Cybercriminals are sneaky. They know that the weakest link in an organization’s cyber defenses is its supply chain. In fact, supply chain attacks are now the avenue of choice for hackers.
Consider the facts:
- 62% of network intrusions originate with a third-party
- 73% of organizations have experienced at least one significant disruption from a third-party in the last three years
What is a supply chain attack?
A supply chain attack is a type of cyberattack that exploits vulnerabilities in an organization’s supply chain. In most cases, these vulnerabilities are caused by vendors with poor security postures.
These vendors often have access to sensitive systems and data, such as cloud service providers. In this interconnected ecosystem, it is not unusual for a single exploit of a vendor's digital infrastructure to ripple across the entire supply chain and impact hundreds of thousands of downstream customers. This is why supply chain attacks are so successful and efficient.
How to mitigate supply chain attacks
The risk of supply chain attacks can be reduced by understanding your expanding attack surface and using tools and best practices to reduce exposure.
Let’s look at five ways you can prevent and mitigate supply chain attacks.
1. Identify cyber risk during the onboarding phase
Before your organization enters into a contract with a vendor, you must identify the cyber risk they pose. Typically, this is achieved using security questionnaires or assessments which can provide context about your vendors’ security controls and risk management practices.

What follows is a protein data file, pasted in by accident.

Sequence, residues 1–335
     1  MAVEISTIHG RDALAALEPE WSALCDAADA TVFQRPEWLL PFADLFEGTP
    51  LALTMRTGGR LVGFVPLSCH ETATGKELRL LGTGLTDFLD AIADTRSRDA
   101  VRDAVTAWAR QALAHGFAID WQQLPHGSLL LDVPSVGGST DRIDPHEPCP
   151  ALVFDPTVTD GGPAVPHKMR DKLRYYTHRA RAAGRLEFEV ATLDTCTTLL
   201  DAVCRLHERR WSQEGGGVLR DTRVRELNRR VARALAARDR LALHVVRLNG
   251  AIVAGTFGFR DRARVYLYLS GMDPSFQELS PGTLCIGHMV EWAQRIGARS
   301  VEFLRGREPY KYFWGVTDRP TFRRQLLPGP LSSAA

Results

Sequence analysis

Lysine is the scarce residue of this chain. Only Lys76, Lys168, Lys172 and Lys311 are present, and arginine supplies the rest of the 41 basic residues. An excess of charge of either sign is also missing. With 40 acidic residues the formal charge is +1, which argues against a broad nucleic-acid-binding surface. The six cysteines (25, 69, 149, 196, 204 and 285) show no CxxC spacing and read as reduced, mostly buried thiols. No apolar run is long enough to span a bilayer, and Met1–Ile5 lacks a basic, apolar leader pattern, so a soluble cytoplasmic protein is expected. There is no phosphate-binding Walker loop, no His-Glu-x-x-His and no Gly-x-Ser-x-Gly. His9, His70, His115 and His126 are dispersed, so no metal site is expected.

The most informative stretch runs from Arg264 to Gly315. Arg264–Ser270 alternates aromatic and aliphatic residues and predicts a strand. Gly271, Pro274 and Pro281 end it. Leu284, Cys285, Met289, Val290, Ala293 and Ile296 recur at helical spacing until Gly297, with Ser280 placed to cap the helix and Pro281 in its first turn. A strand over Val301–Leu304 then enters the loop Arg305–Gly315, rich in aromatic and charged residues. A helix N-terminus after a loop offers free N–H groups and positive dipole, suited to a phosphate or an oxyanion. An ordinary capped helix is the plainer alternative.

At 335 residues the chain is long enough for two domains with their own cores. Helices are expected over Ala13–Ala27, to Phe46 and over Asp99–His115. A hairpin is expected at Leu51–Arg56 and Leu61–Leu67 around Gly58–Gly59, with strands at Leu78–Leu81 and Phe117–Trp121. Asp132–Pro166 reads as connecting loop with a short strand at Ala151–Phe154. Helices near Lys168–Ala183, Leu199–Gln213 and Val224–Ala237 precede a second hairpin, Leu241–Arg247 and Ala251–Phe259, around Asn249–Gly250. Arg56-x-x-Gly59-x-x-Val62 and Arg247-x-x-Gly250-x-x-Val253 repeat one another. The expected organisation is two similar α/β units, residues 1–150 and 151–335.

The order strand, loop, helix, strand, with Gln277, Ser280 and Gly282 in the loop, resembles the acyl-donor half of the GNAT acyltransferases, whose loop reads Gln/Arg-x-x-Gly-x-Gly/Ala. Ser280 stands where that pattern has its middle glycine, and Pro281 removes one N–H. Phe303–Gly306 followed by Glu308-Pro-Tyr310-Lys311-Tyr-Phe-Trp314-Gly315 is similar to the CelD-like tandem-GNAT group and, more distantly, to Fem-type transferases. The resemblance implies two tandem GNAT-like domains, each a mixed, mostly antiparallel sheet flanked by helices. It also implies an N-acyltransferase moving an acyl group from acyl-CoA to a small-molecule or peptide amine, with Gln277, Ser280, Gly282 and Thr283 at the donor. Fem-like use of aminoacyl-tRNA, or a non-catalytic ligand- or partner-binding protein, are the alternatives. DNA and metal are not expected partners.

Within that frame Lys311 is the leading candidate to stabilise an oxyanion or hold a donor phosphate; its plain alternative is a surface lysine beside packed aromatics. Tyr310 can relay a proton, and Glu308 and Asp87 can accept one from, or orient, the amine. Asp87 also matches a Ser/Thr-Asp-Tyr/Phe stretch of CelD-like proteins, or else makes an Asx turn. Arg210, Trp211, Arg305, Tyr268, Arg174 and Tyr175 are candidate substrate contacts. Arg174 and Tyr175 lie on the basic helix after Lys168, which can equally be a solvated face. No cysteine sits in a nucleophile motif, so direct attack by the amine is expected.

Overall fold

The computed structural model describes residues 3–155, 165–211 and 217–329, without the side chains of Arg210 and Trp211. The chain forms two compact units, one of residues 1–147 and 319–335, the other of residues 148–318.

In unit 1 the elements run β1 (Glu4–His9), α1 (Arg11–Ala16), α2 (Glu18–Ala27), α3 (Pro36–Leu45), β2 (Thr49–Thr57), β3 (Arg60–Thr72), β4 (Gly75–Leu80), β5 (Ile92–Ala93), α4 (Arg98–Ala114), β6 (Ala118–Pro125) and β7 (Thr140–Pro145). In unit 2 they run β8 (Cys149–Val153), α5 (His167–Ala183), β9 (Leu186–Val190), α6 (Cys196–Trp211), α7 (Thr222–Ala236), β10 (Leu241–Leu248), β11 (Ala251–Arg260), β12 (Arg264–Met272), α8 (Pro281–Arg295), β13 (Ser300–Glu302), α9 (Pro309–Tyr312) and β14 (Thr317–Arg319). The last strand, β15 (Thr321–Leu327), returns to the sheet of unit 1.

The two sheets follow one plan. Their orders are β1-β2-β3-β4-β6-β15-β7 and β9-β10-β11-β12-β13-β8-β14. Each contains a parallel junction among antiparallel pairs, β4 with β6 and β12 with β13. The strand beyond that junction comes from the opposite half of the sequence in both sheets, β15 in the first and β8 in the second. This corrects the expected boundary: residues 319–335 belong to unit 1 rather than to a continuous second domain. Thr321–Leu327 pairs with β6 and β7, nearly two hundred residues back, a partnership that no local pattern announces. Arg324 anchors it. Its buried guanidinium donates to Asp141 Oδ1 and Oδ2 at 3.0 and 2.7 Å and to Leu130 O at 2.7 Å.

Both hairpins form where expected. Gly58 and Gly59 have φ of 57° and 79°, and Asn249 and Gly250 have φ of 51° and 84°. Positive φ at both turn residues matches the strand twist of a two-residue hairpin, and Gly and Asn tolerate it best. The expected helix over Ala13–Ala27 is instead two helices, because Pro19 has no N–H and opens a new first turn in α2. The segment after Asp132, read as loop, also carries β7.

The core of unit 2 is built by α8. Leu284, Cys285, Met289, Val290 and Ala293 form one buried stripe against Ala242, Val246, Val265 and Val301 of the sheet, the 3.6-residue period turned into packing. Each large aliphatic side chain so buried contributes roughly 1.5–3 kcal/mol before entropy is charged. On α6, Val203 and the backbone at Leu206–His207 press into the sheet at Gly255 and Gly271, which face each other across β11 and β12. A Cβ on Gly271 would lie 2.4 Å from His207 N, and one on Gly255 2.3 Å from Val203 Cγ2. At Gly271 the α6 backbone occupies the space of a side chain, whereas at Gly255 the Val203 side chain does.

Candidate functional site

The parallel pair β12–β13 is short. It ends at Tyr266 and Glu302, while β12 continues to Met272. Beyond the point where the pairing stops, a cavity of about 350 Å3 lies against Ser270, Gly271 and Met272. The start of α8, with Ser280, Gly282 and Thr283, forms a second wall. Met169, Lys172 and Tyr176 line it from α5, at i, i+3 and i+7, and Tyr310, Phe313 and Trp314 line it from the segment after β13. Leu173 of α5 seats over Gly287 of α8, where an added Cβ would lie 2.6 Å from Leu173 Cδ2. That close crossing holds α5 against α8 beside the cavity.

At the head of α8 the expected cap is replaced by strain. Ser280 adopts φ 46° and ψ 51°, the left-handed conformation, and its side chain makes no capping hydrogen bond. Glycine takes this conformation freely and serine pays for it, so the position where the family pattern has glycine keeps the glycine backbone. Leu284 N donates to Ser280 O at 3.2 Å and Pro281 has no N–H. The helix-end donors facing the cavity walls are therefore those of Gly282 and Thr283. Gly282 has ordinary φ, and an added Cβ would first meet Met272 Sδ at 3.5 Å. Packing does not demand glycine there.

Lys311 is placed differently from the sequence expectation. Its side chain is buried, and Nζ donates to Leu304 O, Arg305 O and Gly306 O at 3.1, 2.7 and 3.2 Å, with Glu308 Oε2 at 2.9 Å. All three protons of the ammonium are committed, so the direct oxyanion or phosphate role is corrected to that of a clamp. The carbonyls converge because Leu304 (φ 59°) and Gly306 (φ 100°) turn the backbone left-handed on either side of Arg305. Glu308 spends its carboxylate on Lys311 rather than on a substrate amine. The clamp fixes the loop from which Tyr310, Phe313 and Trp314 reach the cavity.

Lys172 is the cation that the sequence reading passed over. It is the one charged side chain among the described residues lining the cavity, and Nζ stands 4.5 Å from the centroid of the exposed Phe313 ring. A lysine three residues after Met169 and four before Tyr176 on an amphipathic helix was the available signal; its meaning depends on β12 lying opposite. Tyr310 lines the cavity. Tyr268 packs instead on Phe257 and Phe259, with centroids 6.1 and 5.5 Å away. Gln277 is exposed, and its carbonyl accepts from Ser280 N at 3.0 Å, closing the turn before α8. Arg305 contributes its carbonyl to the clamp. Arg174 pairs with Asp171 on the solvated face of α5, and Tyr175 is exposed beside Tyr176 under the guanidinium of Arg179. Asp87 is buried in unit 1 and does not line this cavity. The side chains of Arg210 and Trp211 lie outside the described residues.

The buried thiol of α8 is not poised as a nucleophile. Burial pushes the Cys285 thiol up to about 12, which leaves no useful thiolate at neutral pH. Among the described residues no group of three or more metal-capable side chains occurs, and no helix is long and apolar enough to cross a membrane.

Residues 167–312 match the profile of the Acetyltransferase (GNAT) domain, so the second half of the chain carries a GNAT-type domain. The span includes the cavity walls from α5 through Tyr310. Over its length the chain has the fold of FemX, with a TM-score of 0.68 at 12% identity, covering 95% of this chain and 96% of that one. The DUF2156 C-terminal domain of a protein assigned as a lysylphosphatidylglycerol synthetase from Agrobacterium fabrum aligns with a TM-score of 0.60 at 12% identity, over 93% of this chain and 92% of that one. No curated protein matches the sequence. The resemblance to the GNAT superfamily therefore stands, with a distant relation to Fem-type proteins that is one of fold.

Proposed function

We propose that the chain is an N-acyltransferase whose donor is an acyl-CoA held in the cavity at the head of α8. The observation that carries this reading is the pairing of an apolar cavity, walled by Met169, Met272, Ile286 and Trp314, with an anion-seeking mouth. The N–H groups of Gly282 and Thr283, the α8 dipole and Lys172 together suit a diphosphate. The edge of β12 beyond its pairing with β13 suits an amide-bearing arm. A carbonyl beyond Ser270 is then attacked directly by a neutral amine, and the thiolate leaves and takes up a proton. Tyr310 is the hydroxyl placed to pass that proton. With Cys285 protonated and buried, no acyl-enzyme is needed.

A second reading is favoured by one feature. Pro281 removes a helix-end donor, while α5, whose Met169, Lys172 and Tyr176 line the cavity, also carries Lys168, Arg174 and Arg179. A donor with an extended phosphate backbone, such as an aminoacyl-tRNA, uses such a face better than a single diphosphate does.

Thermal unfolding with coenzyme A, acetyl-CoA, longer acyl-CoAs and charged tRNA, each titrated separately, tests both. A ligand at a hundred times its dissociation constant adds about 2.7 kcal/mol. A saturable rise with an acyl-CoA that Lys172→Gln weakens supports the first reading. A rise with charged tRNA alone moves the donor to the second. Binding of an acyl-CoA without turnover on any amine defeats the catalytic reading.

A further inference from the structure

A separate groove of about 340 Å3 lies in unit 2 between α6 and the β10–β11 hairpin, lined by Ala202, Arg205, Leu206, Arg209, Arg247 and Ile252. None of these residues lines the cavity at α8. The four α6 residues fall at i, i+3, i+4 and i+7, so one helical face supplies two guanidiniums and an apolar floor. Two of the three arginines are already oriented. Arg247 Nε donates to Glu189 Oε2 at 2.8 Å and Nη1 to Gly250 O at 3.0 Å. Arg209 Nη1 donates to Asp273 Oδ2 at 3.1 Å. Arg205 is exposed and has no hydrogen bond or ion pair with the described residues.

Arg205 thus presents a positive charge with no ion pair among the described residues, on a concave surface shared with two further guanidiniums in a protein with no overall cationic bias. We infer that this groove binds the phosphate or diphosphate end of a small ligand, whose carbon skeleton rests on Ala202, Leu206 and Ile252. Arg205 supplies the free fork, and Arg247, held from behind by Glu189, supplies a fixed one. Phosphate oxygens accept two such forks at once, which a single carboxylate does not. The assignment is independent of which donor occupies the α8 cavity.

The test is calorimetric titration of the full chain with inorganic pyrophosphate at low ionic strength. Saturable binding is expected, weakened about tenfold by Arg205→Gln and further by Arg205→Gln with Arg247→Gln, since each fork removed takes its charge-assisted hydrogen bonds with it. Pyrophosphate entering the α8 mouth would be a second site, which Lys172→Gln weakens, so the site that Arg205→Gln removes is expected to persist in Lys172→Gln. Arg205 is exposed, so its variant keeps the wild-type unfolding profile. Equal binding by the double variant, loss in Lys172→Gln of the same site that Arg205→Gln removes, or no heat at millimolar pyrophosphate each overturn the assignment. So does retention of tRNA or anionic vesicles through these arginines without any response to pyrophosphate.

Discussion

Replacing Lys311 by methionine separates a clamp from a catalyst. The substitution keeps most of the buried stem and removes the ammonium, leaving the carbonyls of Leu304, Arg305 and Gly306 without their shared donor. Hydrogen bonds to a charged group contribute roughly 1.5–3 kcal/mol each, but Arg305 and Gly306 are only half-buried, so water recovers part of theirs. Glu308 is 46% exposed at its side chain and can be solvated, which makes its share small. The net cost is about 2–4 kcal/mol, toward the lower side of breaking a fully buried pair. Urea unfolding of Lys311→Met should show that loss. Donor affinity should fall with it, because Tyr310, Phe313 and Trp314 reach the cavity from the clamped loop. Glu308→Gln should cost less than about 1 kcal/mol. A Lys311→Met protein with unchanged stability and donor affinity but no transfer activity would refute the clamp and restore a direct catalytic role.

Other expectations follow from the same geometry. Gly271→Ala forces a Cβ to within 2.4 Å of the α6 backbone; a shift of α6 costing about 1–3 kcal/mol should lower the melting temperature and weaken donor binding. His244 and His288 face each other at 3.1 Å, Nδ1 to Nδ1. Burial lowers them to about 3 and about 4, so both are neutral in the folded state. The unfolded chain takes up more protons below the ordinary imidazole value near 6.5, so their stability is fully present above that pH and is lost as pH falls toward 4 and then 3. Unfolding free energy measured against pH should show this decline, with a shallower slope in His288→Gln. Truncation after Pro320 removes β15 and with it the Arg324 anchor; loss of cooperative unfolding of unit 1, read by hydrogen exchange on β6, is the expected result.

But they only provide a snapshot of risk. As your vendors digitally transform, add new partners, and outsource functions, cyber risk is constantly emerging. Assessments are also subjective and require you to take your vendors at their word.
Questionnaires are important, but it’s critical that you validate them with objective, data-driven insights into cyber risk. For instance, with Bitsight Third-Party Risk Management (TPRM) you can gain near real-time visibility into a vendor’s security posture based on objective data about vulnerabilities in their networks, previous cyber incidents, and even risky fourth-party connections.
2. Scale vendor risk management with automation
With more suppliers entering the digital supply chain and a rise in supply chain attacks, it’s essential that you find a way to automate and reduce manual and repetitive vendor risk management (VRM) tasks.
Utilizing a fully integrated solution such as Bitsight Vendor Risk Management allows you to work smarter, not harder.
Bitsight VRM combines workflow automation and objective data to evaluate vendors so you can manage your expanding vendor ecosystem with confidence. With Bitsight VRM, you can:
- Reduce the need for email follow-up, spreadsheets, and calendar reminders by automating the assessment process.
- Prioritize critical and high-risk vendor assessments with customized workflows.
- Analyze your vendors' alignment with security certifications, cybersecurity frameworks, and regulations using custom security questionnaires.
Read more about how Bitsight can help you build a scalable VRM program.